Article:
Eagle-eyed University of Kentucky basketball fans who have been poring over the early photos and videos from the team’s first few summer practice sessions might have noticed something interesting.
There are no highlights of newcomer Reid Travis.
A UK spokesman told the Herald-Leader on Monday that Travis is indeed on campus — he’s been featured in other, non-practice preseason videos — but he’s not yet allowed to participate in on-court skill instruction activities with the Wildcats.
Travis, who graduated from Stanford last month and announced his transfer to UK shortly thereafter, has to be officially admitted into UK’s graduate school program before he can be involved with any skill instruction, the Herald-Leader was told. That process is expected to be completed soon, and it’s simply part of the formality that graduate transfers must go through when changing schools. Travis is allowed to take part in all other team activities in the meantime.
The rest of the team is currently permitted to participate in four hours of skill instruction per week, an increase from the two-hours-per-week limit in previous offseasons. The Cats will start their Bahamas tour Aug. 6.
The official UK basketball Twitter account also posted a short interview with Travis following the team’s daylong “Big Blue Caravan” train tour of Frankfort, Midway and Lexington last week, when the Cats met with fans at all three stops.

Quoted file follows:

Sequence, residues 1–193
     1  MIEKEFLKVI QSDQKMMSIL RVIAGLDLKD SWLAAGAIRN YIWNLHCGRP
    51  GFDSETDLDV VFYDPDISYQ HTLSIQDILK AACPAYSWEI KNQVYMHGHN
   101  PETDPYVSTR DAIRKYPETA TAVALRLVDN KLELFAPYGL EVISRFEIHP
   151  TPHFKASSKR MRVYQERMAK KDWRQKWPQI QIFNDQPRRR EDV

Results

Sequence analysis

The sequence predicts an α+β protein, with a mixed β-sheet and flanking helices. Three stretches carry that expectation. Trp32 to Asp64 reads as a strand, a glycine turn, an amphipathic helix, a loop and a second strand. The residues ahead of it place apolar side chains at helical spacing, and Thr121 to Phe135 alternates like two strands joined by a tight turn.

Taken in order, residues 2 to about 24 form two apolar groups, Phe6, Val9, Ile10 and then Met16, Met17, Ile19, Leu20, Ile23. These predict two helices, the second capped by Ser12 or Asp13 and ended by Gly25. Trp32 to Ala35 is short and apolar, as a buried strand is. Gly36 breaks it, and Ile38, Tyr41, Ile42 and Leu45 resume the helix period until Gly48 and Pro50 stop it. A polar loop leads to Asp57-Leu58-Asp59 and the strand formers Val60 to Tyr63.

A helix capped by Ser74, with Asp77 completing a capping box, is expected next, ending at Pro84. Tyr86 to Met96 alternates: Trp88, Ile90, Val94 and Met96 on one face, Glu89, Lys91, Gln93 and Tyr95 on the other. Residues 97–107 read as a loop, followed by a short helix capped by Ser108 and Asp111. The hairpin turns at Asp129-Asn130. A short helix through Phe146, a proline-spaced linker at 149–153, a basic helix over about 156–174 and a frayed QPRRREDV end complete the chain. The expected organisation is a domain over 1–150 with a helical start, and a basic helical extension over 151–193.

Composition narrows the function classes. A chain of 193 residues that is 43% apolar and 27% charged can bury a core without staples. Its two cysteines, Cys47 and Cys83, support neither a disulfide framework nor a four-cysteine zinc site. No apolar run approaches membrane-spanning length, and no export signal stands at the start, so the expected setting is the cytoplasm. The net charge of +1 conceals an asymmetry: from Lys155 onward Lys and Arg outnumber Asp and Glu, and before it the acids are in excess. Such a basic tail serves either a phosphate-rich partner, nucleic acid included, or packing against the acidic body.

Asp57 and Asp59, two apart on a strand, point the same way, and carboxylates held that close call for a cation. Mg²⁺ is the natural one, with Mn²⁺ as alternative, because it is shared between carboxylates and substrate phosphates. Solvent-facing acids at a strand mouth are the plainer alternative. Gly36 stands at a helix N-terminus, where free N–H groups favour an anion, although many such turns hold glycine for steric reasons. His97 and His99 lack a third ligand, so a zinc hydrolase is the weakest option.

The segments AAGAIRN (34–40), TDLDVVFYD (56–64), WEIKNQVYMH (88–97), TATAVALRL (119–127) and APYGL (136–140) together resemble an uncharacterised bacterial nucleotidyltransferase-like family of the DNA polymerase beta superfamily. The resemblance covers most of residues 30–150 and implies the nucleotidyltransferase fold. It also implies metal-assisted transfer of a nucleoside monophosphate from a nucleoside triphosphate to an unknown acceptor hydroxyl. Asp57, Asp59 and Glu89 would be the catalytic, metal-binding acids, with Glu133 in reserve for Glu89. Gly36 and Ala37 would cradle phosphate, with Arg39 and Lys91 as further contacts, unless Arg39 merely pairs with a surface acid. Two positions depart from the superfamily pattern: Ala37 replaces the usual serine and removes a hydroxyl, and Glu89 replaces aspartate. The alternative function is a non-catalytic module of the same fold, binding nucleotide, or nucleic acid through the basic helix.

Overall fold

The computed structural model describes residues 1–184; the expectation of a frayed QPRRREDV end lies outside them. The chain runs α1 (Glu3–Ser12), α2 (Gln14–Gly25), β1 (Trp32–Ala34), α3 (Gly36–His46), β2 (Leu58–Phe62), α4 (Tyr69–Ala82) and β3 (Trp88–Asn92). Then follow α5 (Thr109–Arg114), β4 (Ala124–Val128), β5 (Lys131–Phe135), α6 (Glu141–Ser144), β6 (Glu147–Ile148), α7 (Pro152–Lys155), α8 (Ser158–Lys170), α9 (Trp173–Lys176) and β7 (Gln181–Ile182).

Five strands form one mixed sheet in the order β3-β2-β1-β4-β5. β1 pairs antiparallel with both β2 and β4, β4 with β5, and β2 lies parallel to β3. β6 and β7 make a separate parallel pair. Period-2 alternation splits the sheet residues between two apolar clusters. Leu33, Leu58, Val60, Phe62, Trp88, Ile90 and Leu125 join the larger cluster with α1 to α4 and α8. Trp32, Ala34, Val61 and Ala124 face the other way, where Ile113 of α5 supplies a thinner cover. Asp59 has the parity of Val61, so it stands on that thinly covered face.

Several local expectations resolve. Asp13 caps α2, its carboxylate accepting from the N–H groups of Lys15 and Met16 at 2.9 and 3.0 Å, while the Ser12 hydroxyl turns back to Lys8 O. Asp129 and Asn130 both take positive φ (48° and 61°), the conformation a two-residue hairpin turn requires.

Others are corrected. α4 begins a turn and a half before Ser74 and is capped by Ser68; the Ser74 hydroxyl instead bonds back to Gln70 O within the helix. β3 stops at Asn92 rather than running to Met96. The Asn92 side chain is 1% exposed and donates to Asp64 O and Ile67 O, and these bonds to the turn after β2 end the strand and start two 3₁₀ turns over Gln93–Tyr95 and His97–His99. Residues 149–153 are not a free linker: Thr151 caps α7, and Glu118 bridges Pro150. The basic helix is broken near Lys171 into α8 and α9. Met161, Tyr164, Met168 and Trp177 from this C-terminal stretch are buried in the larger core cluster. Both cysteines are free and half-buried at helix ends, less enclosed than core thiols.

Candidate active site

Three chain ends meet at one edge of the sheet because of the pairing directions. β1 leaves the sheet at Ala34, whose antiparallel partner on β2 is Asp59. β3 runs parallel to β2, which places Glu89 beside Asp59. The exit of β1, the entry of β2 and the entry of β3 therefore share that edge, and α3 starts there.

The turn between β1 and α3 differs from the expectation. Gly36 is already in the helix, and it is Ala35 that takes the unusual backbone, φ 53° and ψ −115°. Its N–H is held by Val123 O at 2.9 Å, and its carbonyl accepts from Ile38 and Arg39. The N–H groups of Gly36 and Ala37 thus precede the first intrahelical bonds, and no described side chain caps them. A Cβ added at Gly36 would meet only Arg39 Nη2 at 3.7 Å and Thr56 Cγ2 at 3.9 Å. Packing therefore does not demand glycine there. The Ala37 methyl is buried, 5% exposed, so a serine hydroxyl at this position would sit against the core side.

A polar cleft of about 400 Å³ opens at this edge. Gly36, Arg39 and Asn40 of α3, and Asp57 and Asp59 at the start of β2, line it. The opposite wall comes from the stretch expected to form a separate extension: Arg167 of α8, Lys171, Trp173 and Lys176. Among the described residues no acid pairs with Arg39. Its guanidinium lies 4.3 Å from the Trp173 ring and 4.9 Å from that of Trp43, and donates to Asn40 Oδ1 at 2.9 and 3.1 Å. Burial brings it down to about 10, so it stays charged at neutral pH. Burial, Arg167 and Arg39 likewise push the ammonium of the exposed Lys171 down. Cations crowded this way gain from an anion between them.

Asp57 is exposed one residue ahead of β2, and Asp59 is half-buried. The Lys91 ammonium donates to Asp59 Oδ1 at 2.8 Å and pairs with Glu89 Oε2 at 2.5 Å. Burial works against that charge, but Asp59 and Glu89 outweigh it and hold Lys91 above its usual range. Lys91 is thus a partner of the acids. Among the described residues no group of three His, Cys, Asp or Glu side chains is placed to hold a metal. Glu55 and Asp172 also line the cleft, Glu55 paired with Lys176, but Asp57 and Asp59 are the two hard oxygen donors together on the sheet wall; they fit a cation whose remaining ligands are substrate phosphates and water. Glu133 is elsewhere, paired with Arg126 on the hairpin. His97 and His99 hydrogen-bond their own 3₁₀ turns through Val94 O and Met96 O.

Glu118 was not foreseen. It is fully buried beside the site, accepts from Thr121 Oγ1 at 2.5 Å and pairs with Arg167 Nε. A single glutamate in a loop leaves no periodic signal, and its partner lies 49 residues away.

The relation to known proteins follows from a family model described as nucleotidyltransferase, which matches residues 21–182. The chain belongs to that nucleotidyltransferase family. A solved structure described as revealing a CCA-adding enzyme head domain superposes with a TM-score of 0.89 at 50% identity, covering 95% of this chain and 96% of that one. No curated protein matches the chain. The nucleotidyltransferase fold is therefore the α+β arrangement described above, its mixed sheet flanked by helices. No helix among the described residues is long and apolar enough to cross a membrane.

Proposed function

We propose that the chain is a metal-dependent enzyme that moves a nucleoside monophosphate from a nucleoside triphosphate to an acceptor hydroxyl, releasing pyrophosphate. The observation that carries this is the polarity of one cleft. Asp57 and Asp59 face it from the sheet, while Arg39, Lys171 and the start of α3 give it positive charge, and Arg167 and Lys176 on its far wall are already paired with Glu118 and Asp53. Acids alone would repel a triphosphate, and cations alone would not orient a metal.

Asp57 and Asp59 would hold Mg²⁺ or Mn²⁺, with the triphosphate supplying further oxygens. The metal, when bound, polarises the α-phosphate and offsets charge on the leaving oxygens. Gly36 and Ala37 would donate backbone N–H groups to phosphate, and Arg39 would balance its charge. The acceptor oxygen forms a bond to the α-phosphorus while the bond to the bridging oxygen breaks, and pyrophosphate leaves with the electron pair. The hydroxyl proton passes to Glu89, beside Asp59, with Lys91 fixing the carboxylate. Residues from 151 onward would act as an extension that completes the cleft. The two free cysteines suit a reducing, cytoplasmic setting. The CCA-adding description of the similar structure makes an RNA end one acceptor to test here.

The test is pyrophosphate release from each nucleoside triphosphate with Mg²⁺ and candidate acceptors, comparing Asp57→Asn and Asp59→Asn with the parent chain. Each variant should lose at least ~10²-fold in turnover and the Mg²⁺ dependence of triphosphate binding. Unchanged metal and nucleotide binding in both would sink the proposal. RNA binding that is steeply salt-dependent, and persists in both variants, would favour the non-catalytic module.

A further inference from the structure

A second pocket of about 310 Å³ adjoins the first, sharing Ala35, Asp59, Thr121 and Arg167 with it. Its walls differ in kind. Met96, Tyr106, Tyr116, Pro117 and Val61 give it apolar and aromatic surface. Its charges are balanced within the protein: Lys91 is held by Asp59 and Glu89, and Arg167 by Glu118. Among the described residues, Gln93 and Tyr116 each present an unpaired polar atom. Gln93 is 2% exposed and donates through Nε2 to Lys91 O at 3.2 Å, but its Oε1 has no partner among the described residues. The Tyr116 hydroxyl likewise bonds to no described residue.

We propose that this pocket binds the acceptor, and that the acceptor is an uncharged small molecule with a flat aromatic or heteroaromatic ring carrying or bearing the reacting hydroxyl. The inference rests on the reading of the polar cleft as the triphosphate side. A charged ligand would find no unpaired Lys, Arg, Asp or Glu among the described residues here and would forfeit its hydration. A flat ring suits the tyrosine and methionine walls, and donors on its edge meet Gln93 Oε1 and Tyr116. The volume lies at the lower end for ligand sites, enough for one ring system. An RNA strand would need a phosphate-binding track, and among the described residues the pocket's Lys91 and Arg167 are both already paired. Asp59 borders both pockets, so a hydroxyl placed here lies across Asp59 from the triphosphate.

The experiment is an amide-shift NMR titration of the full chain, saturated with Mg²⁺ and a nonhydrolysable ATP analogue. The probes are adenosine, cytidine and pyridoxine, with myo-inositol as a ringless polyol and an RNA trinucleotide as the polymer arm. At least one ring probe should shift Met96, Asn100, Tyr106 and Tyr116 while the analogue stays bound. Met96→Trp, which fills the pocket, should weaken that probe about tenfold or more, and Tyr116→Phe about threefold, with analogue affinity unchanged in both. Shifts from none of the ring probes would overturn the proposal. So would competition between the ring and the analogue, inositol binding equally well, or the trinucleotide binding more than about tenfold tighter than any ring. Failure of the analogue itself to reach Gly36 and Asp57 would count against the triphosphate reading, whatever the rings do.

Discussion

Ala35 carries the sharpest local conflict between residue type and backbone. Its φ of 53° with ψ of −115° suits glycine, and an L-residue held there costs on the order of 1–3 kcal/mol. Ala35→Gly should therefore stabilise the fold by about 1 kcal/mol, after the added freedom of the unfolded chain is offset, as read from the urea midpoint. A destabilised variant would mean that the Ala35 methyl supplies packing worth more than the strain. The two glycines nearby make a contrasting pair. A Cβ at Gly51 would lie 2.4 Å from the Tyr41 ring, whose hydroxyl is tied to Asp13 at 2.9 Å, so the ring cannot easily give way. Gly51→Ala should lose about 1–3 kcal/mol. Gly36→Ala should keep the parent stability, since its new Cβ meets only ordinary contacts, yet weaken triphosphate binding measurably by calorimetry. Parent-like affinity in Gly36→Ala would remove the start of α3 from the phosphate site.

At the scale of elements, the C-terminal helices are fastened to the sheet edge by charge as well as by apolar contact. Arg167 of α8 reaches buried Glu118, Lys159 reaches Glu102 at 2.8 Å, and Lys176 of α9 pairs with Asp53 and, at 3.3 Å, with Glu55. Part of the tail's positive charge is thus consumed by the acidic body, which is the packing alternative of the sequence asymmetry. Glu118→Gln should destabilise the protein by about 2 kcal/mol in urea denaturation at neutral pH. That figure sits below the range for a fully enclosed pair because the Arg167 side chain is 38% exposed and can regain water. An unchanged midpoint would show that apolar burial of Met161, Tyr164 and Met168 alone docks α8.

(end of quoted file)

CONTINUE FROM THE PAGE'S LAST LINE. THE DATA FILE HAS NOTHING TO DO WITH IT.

“It was a great day meeting all the fans that came out today,” Travis said. “I appreciate everybody. For me, it was especially important — getting to spend time and meet everyone for the first time. I really do see the power of Big Blue Nation now.”
Travis — a 6-foot-9 power forward who averaged 19.5 points and 8.7 rebounds at Stanford last season — will be the only scholarship upperclassman on this season’s UK roster, and he’ll be counted upon to immediately provide a front-court boost and some veteran leadership for another group of young Wildcats.
Calipari was asked during last week’s Southeastern Conference coaches’ teleconference how playing one final season at UK would benefit Travis’ basketball future.
“First of all the culture is about really spending time in this and really being trained, and then understanding that there’s competition,” Calipari said. “So you’re not just doing this yourself. You’re going against other guys that are as good as you, maybe better. So with him, you’ve got him and PJ (Washington) and we’ve got a couple of 7-footers that, you know, learn to play with these big guys; also learn and compete at the level every day and let’s see where this goes. I told him, movement. The (NBA) is going to movement. The league is going to stretching out the court. Don’t get away from who you are. You’re a physically strong, long, active — that’s who you are, but let’s stretch this out. I think a lot of it is — like, in front of the team, I said, ‘Reid, how are you going to be? You averaged 20 points and nine rebounds last year. What if you only average 14 points this year? Are you going to be all right with that?’
“So this thing is different. This is about working and having competition every day. It’s about sacrificing. The last thing is you’ve got to trust this process and trust what we’re trying to do. I see him with the ability to lead because he’s a veteran even though he’s not been here.”